Sarah holds a Bachelor in Performance Degree from the University of Toronto, Masters Degree and Artist Diploma from Yale University. She is a Doctoral Candidate at SUNY Stony Brook. Major teachers have been David Zafer, Peter Oundjian, and Ani Kavafian. Other teachers have included Pamela Frank, Pinchas Zukerman, Lorand Fenyves, members of the Brentano, Tokyo, Emerson, and St. Lawrence string quartets. Summer music festivals include The Great Lakes Chamber Music festival, Taos School of Music, Tanglewood, Encore School for Strings, the Colorado Springs Music Festival, the National Arts Center Festival, Domain Forget, and the National Youth Orchestra of Canada.


John Pickford Richards holds degrees from the Interlochen Arts Academy and Eastman School of Music where his primary teachers were David Holland and John Graham.

Chiefly obsessed with new music, John is a founding member of the ensemble Alarm Will Sound, bringing him together with such composers as John Adams, Wolfgang Rihm, Meredith Monk, and Steve Reich at venues including Carnegie Hall, Lincoln Center, Miller Theatre, and Merkin Concert Hall. Alarm Will Sound has held residencies at Harvard University, the Massachusetts Institute of Technology, New York University, Duke University, and Dickinson College.

In addition to his work with Alarm Will Sound, John is a founding member of the JACK Quartet, which has been fortunate enough to work closely with composer Helmut Lachenmann on his String Quartet No. 3 Gridoâ at the Internacional de Contemporánea de Michoacán in Morelia, Mexico, the Lucerne Festival Academy in Switzerland, and the Pro-Bio Foundation Summer School in Blonay, Switzerland. The quartet has studied with the Arditti Quartet and Kronos Quartet and continues to build its repertoire with today’s most recent music.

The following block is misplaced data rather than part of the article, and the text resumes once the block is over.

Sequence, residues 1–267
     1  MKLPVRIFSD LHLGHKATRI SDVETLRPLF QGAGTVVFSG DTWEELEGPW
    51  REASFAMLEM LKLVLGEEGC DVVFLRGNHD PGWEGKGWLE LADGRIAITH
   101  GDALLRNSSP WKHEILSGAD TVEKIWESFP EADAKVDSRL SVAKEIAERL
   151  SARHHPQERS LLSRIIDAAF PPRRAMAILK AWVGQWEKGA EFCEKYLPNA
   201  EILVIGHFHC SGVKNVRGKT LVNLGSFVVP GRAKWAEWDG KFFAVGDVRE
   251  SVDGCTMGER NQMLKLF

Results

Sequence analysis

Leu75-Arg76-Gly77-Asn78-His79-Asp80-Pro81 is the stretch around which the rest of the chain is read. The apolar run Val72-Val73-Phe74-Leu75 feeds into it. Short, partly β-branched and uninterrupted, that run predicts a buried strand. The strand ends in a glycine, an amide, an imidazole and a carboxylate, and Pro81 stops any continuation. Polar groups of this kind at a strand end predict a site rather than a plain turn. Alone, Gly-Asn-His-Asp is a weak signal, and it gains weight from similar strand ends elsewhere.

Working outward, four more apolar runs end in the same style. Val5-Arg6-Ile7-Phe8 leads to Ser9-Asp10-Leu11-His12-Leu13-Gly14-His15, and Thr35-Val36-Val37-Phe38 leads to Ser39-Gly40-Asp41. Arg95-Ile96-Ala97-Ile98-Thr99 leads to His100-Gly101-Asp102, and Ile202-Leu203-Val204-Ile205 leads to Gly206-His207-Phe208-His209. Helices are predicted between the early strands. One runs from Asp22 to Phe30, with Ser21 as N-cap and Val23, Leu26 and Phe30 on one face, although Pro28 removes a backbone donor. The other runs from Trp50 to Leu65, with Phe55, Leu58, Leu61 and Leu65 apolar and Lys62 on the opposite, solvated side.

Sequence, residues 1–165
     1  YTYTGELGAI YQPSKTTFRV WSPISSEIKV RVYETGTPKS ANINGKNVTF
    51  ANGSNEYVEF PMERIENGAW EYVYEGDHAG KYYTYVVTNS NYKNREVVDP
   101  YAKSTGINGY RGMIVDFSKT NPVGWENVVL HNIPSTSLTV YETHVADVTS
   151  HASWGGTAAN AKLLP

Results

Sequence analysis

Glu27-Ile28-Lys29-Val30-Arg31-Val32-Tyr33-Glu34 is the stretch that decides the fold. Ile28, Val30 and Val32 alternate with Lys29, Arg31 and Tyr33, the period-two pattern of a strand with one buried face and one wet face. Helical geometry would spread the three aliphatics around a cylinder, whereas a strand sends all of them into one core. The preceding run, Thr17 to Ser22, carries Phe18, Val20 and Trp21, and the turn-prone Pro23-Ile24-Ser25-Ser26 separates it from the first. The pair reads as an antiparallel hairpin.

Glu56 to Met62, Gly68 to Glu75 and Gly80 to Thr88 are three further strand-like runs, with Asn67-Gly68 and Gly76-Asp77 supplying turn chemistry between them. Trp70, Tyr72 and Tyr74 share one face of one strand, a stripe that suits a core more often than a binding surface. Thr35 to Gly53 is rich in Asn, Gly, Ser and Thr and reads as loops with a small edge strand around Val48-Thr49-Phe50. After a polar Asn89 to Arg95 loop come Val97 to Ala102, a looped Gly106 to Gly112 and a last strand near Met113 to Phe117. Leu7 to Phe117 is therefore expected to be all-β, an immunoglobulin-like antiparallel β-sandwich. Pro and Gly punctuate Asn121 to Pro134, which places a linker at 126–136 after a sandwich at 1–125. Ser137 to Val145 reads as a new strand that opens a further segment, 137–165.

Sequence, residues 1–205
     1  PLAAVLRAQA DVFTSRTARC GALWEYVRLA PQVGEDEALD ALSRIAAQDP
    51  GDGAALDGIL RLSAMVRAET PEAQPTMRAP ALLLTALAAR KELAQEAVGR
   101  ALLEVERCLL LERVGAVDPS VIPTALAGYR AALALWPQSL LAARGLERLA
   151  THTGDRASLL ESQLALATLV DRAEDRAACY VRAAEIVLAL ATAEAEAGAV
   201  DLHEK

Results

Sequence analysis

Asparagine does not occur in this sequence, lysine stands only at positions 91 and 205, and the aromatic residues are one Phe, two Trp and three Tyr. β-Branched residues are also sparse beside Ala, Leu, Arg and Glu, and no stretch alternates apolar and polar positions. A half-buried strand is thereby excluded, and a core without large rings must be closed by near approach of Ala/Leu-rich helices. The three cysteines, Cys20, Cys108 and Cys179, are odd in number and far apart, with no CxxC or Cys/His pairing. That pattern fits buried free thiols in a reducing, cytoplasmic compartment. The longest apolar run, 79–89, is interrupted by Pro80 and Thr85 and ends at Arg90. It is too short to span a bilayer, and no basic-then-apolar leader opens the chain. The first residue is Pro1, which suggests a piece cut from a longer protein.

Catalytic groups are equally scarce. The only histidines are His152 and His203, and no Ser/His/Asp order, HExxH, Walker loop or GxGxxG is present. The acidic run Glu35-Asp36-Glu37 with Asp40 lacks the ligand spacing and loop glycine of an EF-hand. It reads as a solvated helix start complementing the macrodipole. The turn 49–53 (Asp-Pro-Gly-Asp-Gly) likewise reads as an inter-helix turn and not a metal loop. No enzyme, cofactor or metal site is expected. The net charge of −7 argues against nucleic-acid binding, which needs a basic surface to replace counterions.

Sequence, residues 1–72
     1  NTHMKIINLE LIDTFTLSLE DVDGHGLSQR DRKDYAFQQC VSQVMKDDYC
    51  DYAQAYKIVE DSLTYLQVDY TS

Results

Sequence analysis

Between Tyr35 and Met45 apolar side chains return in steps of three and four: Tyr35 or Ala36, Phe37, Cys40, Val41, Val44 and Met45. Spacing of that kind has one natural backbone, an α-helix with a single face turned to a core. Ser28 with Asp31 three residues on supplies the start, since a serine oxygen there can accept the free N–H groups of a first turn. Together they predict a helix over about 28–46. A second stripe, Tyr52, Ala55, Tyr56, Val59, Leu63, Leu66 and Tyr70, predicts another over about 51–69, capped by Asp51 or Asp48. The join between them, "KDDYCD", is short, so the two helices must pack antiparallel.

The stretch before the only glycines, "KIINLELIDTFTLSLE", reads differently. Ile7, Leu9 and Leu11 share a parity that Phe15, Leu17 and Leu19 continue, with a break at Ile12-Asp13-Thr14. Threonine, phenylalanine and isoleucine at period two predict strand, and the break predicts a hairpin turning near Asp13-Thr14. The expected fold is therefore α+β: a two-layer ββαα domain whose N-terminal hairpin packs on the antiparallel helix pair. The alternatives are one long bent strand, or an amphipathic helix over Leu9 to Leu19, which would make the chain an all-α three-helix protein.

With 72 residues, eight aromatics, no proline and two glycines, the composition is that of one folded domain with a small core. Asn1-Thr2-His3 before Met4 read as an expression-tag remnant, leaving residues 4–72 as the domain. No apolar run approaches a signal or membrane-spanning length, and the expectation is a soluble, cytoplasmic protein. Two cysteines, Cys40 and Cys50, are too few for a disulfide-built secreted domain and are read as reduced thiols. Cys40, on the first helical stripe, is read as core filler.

John has performed as soloist with the Pasadena Symphony, Armenian Philharmonic, Ossia New Music, and recently performed the solo part to Luciano Berioâ’s Chemins II under Pierre Boulez with the Lucerne Festival Academy Orchestra. He taught for three years at Dickinson College in Carlisle, Pennsylvania and has also taught at summer camps, in city and rural public schools, and in continuing education.


Hailed by The Washington Post for her “fresh and idiomatic” performances with “a brawny vitality,” violist Wendy Richman has appeared as a soloist and chamber musician across the U.S. and Europe. She has performed at venues from American Repertory Theatre to Miller Theatre, MassMoCA to the Phillips Collection, and Symphony Space to the Gewandhaus. Recent and upcoming appearances include Boston’s Jordan Hall, Oberlin Conservatory of Music, the American Academy in Rome, Longy School of Music, St. Paul’s Chapel and Merkin Concert Hall in New York City, and the Lucerne and Edinburgh Festivals. Ms. Richman appeared on WCRB-Boston’s Tuesdays at Noon series, and she has also been heard on WGBH-Boston, WFMT-Chicago, WQXR-New York, and WETA-Washington, D.C. Since 2005, she has been a member of White Rabbit, Artists-in-Residence with the Harvard Group for New Music at Harvard University.

Ms. Richman has received particular praise for her interpretations of new music and has collaborated closely with a wide range of composers, including John Luther Adams, Pierre Boulez, George Crumb, Brian Ferneyhough, Sofia Gubaidulina, Lee Hyla, David Lang, Alvin Lucier, Jeffrey Mumford, Matthias Pintscher, Bernard Rands, Augusta Read Thomas, Ken Ueno, Christian Wolff, and Hillary Zipper. In 2002, she and percussionist Timothy Feeney gave the fully-staged American premiere of Luciano Berio’s Naturale on the International Contemporary Ensemble’s all-Berio concert at Theater Building Chicago. Ms. Richman can be heard on Albany Records, AURec, Between the Lines, Bloodshot Records, Mode Records, and NAXOS.